soldier in charge of a military operation having nothing to do with their political destiny. But subsequently, in quite another tone, he addressed himself to the French nation. He urged that nation to "carry out his orders." He declared that "in the administration, everyone will continue to fulfill his functions unless contrary instructions are received"; that once France was liberated, "the French themselves would choose their representatives and their government." In short, he appeared to be taking charge of our country even though he was merely an Allied general entitled to command troops but not in the least qualified to intervene in the country's government. . . . In this factum, not a word of the French authority which for years had aroused and directed the war effort of our people and which had done Eisenhower the honor of placing under his command a great part of the French Army. 121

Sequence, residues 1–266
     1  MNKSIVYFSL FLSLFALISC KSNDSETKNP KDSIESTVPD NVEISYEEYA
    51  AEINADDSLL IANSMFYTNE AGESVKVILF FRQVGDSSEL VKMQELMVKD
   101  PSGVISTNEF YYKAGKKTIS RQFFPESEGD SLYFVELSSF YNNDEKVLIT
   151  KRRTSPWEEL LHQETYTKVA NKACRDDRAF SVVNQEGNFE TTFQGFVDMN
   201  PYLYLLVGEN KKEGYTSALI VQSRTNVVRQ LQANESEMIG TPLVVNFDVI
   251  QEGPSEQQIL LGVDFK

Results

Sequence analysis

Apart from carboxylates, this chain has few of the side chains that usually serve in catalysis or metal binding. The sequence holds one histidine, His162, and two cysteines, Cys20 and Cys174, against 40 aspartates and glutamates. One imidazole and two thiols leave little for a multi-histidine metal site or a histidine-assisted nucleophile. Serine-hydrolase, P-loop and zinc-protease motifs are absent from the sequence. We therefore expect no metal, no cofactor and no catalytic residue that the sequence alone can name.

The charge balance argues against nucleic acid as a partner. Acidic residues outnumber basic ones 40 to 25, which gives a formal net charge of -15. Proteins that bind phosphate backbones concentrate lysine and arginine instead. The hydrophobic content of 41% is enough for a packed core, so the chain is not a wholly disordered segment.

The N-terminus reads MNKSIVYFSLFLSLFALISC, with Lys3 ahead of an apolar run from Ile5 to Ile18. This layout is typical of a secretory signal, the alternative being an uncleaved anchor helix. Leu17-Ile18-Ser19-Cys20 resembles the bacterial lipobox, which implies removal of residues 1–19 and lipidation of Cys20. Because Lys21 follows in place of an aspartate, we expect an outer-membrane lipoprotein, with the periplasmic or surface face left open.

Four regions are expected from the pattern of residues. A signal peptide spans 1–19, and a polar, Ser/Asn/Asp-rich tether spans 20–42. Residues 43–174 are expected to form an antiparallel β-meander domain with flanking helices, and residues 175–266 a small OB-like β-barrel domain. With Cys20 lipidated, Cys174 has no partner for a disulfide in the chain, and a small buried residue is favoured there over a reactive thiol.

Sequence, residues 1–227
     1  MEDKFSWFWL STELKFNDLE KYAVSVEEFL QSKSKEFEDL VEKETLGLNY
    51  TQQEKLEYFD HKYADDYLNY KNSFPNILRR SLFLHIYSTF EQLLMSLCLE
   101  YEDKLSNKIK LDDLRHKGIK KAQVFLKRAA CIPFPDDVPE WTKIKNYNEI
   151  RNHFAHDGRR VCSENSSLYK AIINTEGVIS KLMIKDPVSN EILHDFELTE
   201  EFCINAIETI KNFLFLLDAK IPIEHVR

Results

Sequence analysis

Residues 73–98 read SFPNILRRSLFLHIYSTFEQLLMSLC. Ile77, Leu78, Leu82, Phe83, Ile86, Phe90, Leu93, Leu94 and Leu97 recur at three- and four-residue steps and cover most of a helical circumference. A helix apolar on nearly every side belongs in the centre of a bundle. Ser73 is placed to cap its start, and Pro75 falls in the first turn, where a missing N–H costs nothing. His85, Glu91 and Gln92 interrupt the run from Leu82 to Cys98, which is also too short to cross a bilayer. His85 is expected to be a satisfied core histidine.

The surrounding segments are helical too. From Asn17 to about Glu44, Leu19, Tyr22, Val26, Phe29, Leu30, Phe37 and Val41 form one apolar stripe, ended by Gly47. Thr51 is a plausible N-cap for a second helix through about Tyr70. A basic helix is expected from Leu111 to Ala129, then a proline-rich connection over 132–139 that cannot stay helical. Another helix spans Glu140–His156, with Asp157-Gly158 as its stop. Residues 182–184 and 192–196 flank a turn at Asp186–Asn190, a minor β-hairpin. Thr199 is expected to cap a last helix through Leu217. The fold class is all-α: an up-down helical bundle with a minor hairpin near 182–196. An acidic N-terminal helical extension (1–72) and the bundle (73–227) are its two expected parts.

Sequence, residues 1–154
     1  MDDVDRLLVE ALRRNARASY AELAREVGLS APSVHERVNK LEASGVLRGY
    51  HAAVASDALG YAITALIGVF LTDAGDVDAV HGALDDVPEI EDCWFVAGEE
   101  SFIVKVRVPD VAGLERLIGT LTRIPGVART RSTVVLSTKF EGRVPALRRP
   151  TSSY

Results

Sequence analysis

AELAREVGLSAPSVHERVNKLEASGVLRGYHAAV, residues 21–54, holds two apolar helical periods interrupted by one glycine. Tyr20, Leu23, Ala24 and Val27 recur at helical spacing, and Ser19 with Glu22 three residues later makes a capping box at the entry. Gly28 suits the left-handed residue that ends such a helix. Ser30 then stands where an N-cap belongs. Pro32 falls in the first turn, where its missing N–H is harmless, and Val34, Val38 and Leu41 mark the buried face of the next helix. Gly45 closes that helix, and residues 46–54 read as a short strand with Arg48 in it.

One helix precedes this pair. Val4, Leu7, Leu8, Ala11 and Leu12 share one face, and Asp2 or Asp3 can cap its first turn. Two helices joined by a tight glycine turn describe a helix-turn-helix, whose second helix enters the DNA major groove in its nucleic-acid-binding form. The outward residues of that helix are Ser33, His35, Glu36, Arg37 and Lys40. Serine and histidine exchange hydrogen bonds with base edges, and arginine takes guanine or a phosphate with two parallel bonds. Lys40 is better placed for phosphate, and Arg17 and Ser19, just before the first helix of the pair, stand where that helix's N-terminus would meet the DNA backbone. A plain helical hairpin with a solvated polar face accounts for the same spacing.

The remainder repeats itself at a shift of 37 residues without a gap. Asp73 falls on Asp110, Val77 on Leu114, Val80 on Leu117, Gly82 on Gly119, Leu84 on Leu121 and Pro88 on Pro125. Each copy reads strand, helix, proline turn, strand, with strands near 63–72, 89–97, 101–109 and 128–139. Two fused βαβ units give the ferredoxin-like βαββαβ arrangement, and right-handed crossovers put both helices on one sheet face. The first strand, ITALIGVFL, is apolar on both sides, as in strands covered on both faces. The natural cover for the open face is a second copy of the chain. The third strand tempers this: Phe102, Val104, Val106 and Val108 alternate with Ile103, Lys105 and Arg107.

The end of the war in 1945 saw France less damaged materially than, for example, Poland, but more damaged on the psychological plane. As French Deputy Edouard Frédéric Dupont stated: "Among countries like Poland and Belgium, France suffered the least from the German occupation. And it was Marshal PV00E9tain who gained us that."122
For not having succeeded in surmounting its moral dilemma in 1940, France was, to borrow the phrase of François Furet, "yearning for expiation" (en mal d' expiation). Though Weygand refused to "dishonor" the French Army and instead put the blame on the politicians of the Third Republic, it was not surprising that the army--which was at the heart of this defeat and of this division of French society, which made impossible a "solution in unity" in 1940-- became the instrument of expiation in the postwar period.